Friday, September 25, 2015

Pope Francis Tells Congress What We Are Doing Right

... and thereby encourages us to do better

Pope Francis addresses the U.S. Congress
Photo by Win McNamee (Getty Images)

Pope Francis challenges political leaders by his commitment to the Gospel of Christ and Catholic social teaching. His embodiment of the church’s “preferential option for the poor” often upends the accepted social and economic structures of our day. Yet this Pope brings such hope wherever he goes and whenever he speaks, largely due to his pastoral approach.

That pastoral manner was evident yesterday when the Holy Father addressed a joint session of congress. He made a point in his opening remarks that though he was speaking to congress; his intent was to address the American people. His written work makes clear his stand on unfettered capitalism, care for the environment, care for the poor, and regard for all of life. Instead of lambasting, however, he was able to encourage a conflicted and strident nation by pointing out what was right about our country. (You can read the entire address here)

Pope Francis outlined his remarks to congress within the framework of four American lives: Abraham Lincoln, Martin Luther King, Dorothy Day, and Thomas Merton.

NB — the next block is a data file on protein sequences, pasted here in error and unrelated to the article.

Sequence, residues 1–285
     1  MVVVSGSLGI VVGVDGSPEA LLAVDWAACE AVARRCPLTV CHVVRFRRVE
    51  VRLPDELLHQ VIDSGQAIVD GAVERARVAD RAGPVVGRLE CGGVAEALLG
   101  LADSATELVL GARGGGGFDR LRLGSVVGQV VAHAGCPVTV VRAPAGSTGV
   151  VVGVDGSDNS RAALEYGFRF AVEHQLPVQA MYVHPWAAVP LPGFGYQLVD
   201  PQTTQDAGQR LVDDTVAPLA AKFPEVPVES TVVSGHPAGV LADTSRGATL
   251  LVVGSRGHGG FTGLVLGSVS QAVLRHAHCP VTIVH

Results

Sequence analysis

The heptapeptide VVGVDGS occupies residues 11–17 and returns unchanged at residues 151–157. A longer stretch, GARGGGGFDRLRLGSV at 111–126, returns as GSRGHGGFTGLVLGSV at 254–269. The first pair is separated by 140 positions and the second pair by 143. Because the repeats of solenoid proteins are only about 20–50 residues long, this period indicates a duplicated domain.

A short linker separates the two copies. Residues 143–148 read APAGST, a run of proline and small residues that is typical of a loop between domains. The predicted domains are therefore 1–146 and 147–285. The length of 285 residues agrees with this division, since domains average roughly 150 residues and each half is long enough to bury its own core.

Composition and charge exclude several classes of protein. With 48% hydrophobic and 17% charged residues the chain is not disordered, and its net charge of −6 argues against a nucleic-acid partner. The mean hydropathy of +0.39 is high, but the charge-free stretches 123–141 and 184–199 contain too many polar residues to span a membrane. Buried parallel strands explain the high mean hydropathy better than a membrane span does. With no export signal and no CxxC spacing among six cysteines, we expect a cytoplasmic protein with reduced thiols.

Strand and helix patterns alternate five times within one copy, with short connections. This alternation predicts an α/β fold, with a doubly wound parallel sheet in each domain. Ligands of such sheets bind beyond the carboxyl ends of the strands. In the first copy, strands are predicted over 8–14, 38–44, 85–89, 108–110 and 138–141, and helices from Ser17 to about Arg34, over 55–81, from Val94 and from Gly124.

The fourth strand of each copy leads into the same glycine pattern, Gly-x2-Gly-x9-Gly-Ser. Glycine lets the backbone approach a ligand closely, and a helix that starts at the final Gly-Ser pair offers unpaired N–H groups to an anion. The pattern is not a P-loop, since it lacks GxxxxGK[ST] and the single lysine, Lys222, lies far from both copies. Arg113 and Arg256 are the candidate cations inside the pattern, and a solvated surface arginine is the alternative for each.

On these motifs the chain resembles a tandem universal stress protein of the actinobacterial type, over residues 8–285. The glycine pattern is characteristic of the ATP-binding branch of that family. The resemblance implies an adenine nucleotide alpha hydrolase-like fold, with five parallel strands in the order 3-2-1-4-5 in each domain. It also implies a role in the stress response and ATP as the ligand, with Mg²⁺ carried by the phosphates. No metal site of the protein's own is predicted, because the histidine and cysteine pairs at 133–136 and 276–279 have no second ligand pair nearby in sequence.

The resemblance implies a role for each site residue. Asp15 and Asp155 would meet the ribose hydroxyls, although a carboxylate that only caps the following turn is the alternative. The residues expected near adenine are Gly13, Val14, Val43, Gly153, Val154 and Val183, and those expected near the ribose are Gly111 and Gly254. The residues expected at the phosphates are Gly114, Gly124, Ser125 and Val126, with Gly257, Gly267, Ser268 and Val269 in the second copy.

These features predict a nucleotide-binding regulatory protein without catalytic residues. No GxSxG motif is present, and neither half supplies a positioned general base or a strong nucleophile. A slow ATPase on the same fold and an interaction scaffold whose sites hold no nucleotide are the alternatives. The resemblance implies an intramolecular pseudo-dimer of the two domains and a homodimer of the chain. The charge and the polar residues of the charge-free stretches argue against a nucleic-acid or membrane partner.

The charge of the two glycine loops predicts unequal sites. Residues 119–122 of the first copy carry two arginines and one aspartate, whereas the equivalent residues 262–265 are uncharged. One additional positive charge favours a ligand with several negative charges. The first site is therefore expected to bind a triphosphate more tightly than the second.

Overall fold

• Abraham Lincoln, the guardian of liberty, who labored tirelessly that 'this nation, under God, might have a new birth of freedom'. Building a future of freedom requires love of the common good and cooperation in a spirit of subsidiarity and solidarity.”
  • Martin Luther King who led the march “from Selma to Montgomery fifty years ago as part of the campaign to fulfill his 'dream' of full civil and political rights for African Americans… Dreams which lead to action, to participation, to commitment. Dreams which awaken what is deepest and truest in the life of a people.”
  • Dorothy Day for “her social activism, her passion for justice and for the cause of the oppressed.”
  • Thomas Merton “who challenged the certitudes of his time and opened new horizons for souls and for the Church. He was also a man of dialogue, a promoter of peace between peoples and religions.”

Three sons and a daughter of this land, four individuals and four dreams: Lincoln, liberty; Martin Luther King, liberty in plurality and non-exclusion; Dorothy Day, social justice and the rights of persons; and Thomas Merton, the capacity for dialogue and openness to God. Four representatives of the American people.

The Pope’s address to congress did speak to the social, economic, political, and environmental challenges of our day.  He encouraged us to do more, yet even with the many challenges ahead, he was able to place those within the context of our better angels, affirming that we have rejected the temptation to imitate tyrants in our attempt to be freed from tyranny.